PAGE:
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January 2014
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Salzburg Fest: Musical Hothouse on WFMT


Salzburg Festival 2013, Sundays at 5:00 PM

Being the birthplace of one of mankind’s greatest geniuses has a way of energizing people, especially a music-loving people. True, Mozart had troubles in his hometown; he felt he’d outgrown it. His boss, the Archbishop Colloredo, was less than patient with the creative whims of his gifted servant, and eventually gave Mozart the boot (quite literally). But Salzburg, even in Mozart’s time, was cultivating music at the highest level. Today this Austrian town of 150,000 is a beacon for all of classical music.

WFMT brings you a nine-part series from the Salzburg Festival, recorded last summer. Here is a Q and A with program producer Carolyn Paulin:

Did you travel to Salzburg for this series? What’s it like? Can you build a vacation around it? If so, what travel tips would you offer the first-time attendee (dress, dining, weather, other attractions?)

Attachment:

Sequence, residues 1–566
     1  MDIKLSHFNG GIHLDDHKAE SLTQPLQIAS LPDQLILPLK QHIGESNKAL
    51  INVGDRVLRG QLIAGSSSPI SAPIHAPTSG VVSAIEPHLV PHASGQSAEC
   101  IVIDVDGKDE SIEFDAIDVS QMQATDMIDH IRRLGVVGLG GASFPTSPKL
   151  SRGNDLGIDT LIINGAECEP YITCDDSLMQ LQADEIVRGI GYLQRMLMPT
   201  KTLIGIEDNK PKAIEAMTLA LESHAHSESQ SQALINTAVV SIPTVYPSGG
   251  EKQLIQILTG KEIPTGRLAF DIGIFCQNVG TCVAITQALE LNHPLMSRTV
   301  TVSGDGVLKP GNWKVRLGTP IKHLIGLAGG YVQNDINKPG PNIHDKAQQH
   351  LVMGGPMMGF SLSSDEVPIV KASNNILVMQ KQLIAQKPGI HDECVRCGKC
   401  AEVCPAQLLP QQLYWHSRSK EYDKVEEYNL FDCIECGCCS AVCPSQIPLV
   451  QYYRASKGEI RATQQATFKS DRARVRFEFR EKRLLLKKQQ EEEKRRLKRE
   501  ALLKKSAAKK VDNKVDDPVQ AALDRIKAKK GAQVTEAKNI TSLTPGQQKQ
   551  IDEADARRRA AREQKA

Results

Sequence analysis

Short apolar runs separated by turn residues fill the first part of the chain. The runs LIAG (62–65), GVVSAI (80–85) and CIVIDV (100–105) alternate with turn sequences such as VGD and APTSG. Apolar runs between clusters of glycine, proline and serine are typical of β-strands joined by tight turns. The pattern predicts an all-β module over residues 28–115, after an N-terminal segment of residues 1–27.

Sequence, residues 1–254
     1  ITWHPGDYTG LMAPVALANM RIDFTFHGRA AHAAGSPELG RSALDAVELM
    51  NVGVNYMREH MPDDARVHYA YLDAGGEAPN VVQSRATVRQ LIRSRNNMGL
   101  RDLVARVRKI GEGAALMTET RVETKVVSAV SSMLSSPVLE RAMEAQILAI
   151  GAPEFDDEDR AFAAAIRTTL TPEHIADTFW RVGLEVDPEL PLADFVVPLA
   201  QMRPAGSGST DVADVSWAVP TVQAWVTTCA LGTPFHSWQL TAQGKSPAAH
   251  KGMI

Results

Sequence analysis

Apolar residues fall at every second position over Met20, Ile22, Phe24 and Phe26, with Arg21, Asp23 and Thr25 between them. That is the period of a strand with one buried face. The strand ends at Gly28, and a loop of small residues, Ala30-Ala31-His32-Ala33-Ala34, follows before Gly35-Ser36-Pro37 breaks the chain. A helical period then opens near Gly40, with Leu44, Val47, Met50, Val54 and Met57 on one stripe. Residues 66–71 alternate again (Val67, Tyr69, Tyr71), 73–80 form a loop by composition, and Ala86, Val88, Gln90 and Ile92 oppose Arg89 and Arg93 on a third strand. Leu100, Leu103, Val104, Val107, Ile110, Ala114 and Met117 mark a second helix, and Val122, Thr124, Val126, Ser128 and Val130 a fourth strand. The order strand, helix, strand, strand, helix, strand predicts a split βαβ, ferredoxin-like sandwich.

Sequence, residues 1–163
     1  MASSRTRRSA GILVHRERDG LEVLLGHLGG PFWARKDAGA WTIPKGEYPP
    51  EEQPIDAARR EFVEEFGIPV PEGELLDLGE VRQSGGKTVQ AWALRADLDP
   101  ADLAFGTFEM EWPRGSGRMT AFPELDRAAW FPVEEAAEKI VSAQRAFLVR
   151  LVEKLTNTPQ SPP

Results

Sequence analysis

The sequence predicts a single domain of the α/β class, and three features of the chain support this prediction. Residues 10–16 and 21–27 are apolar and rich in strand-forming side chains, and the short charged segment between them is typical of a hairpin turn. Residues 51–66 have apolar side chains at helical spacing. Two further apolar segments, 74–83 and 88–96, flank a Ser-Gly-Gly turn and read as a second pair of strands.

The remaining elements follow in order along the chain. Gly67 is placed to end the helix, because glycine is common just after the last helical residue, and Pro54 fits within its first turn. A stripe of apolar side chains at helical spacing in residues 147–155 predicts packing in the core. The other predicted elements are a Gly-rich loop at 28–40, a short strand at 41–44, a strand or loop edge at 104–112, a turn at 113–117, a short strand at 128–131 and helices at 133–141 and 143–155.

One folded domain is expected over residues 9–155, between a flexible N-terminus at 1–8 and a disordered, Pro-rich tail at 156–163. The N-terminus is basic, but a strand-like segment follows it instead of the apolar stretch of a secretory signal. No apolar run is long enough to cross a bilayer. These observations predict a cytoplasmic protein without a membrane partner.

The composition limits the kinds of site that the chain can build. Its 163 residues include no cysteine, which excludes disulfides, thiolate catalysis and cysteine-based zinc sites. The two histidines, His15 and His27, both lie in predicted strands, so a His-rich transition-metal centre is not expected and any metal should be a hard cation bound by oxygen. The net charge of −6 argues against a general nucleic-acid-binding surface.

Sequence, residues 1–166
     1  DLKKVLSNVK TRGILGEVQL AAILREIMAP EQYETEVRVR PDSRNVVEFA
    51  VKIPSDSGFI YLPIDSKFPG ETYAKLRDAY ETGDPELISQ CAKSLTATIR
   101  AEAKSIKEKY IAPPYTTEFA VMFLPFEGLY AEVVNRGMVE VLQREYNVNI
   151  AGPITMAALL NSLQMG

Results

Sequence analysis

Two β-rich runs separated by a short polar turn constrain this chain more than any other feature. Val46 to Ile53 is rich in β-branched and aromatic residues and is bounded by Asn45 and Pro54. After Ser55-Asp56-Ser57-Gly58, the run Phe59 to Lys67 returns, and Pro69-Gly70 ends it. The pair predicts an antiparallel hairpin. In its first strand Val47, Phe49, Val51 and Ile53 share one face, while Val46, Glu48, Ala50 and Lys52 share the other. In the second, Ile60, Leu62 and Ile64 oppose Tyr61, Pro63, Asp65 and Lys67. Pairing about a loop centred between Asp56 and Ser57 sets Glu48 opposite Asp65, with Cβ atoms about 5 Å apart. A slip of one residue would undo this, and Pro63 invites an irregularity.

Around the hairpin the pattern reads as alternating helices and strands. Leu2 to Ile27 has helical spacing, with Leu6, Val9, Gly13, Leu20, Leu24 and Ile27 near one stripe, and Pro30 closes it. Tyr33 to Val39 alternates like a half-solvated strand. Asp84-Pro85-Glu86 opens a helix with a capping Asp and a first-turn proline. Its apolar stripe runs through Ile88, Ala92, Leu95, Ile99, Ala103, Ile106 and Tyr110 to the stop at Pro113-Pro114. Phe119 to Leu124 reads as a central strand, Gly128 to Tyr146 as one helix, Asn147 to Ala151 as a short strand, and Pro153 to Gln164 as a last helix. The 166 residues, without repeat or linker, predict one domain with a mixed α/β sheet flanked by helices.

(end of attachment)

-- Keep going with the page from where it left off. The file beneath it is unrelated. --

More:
I was fortunate to spend about a week in Salzburg this past summer, and wish I could have stayed longer.  That part of Austria is perfect for family or couples (or even single travelers) to vacation.  You can take a bus to the lake districts around Salzburg – Mondsee is the closest and my favorite spa town (Brahms composed there many summers).  But you can hike or walk throughout the town itself, visiting the Hohensalzburg Fortress (the “castle”), the wonderful sights of the Old Town, including Mozart’s birthplace and the daily Farmers’ Market in the center of the city, as well as delightful restaurants of all kinds, and some pretty fancy shopping.  Across the Salzach River is the “New Town” with more shopping, transportation and many more restaurants.